American senators are demanding that the Federal Retirement Thrift Investment Board reverse a decision that will channel billions of dollars into funding Chinese companies that they say support Beijing’s military, espionage and domestic security efforts.

A letter to FRTIB dated August 26 said that an impending investment shift by the $578 billion government pension fund would mean about $50 billion of its members’ assets become exposed to the risks of owning certain Chinese stocks.

The demand shows how the US-China rivalry, which has thus far focused mainly on trade war tensions, is spreading further into the arena of financial markets.

Source: Financial Times

Norway's sovereign wealth fund, the world's biggest with $1 trillion-plus in assets, returned 3%, or Nkr256 billion ($28.5 billion), in the second quarter, despite volatility generated by global trade tensions, said the Bank of Norway.

“Uncertainty about global trade and economic growth dampened returns early on, but markets rallied towards the end of the period, driven partly by the prospect of more expansionary monetary policy in developed markets,” said deputy CEO Trond Grande.

Source: CNBC, AFP

In addition the managers of the Norwegian fund may shift the balance of its investments between Europe, the Americas and Asia. North American equity markets have grown faster than European ones since the last time Norway examined the regional weight of the fund’s reference portfolio, in 2012.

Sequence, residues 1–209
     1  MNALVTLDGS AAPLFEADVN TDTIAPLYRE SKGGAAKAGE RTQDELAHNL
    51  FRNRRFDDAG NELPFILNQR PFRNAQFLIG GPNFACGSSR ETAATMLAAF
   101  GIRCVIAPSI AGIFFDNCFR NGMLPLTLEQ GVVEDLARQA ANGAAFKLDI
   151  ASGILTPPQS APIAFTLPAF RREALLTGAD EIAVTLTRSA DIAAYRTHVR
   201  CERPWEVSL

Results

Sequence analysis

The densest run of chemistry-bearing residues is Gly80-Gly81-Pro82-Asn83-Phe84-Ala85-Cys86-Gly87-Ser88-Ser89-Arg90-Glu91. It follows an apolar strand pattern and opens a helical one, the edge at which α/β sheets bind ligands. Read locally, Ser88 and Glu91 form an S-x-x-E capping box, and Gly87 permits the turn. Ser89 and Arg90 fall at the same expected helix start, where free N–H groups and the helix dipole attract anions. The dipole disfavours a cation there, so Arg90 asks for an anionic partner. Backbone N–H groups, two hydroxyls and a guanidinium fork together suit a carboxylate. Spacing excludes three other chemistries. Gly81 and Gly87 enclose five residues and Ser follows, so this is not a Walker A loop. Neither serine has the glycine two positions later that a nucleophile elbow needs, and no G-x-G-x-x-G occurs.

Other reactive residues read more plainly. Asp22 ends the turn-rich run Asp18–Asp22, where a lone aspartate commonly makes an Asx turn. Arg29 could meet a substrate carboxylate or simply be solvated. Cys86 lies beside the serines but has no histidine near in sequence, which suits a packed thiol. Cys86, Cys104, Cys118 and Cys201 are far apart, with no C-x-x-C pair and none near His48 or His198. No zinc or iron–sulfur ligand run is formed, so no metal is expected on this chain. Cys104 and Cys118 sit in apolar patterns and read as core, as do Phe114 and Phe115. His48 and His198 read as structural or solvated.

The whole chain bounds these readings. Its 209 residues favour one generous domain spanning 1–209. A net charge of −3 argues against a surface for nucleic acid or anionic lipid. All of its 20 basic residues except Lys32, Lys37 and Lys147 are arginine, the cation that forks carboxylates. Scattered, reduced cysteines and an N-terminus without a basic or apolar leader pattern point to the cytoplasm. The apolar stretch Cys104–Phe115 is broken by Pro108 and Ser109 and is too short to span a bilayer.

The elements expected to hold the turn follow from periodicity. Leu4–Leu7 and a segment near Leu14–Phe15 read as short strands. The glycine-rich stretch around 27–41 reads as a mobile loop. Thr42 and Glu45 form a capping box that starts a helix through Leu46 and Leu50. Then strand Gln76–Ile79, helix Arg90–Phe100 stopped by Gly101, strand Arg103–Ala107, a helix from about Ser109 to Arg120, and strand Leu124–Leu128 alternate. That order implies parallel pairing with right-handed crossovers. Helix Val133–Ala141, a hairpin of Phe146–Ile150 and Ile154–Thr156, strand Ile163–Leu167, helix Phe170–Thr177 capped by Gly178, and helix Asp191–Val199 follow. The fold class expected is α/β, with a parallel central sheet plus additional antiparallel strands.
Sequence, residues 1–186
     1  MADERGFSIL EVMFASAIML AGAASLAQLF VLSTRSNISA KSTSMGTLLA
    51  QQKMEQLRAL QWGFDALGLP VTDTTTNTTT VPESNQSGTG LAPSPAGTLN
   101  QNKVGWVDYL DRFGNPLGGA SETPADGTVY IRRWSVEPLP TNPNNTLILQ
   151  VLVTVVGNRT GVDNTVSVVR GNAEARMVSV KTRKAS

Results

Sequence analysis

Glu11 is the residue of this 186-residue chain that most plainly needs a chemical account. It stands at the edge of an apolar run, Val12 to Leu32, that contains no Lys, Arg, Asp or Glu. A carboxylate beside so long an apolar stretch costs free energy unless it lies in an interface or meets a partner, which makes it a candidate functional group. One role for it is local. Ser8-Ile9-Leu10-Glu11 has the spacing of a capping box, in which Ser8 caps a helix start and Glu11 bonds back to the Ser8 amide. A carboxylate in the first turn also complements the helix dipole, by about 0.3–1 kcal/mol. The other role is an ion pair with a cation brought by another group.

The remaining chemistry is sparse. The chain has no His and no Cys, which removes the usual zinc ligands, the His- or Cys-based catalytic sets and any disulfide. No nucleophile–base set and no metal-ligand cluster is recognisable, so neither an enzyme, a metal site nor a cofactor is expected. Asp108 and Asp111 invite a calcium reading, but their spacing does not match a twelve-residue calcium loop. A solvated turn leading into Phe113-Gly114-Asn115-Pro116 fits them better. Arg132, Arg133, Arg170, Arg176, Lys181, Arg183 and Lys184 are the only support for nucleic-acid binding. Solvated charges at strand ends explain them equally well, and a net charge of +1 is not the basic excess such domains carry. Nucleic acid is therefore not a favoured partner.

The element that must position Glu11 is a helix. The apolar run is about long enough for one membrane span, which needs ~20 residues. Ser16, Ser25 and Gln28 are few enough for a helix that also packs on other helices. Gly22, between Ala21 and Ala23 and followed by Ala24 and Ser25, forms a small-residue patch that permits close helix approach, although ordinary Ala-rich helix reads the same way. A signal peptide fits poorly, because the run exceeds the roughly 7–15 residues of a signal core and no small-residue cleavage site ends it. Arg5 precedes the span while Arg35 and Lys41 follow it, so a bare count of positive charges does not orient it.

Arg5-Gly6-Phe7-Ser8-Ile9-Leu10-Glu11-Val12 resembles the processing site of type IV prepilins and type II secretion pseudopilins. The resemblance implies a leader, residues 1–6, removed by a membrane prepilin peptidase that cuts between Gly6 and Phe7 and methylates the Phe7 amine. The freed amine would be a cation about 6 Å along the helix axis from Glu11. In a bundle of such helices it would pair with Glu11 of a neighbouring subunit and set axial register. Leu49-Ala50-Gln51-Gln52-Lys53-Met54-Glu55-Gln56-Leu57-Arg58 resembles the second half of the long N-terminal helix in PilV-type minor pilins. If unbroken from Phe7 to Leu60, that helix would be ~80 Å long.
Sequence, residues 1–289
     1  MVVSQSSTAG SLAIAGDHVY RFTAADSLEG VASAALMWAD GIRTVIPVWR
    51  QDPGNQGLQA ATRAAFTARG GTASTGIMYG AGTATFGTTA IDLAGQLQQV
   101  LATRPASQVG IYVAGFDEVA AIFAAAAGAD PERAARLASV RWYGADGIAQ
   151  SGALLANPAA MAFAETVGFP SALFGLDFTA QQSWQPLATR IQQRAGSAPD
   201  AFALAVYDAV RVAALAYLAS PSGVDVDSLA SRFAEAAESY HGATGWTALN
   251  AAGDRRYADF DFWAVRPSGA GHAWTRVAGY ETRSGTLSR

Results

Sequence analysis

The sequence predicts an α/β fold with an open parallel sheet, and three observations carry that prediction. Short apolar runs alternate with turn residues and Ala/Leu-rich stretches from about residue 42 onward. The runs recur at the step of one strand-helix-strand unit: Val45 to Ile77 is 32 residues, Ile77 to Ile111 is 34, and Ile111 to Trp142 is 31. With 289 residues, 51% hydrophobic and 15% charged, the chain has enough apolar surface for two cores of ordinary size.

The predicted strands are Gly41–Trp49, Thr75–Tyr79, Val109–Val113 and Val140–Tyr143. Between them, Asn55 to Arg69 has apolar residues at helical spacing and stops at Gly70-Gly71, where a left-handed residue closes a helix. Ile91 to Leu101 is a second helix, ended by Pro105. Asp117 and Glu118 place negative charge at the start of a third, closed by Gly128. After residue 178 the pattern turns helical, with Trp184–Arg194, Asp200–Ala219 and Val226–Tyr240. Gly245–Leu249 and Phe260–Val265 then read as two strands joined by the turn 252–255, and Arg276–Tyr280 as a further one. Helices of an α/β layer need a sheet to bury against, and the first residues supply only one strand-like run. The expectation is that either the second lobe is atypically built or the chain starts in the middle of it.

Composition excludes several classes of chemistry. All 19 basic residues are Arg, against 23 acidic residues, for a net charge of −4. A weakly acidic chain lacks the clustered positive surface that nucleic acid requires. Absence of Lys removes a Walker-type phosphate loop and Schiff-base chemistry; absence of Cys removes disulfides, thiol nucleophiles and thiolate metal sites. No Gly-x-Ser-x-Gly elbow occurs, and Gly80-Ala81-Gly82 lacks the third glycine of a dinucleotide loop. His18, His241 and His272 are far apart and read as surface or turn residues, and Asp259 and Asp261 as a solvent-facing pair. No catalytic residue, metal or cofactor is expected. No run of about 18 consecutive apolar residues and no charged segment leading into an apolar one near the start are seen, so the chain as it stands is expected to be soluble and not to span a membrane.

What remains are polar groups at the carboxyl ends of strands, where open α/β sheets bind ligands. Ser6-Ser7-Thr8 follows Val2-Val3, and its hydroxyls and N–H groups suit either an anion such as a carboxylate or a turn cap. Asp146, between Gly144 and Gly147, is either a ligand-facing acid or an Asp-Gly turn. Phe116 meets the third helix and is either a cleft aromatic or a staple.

And this year investor confidence in Europe has faltered, as the region’s economy slows and that of its largest country, Germany, shrinks amid trade tensions and uncertainty surrounding Britain’s departure from the European Union.

Source: Reuters

Brussels is considering plans to launch a €100 billion ($111.02 billion) sovereign wealth fund to finance European industrial champions to compete with US companies such as Apple and Google and China’s Alibaba.

EU civil servants have drafted a plan for a “European Future Fund” financed by member states to invest in strategic sectors where Europe lags global rivals, according to an internal document seen by the Financial Times. 

No EU member state boasts a significant sovereign wealth fund. Norway, which is not in the EU, has the world’s largest, with $1 trillion-plus in assets under management.

Source: Financial Times